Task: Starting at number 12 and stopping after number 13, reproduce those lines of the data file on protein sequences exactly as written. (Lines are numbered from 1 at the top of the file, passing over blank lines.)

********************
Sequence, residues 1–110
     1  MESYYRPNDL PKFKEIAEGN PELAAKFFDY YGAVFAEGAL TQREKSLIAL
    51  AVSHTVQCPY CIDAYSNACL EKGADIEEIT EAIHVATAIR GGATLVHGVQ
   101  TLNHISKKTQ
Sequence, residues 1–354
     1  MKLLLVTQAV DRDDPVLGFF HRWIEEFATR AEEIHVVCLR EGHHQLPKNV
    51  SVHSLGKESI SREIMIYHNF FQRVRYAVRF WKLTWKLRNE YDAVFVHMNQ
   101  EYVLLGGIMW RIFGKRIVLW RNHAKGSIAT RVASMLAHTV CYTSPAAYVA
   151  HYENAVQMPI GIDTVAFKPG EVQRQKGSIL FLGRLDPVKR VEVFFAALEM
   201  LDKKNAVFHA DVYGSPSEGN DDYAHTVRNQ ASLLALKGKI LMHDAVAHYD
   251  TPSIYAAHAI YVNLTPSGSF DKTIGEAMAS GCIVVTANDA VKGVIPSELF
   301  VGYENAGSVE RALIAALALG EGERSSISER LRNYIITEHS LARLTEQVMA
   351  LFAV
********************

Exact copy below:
   301  VGYENAGSVE RALIAALALG EGERSSISER LRNYIITEHS LARLTEQVMA
   351  LFAV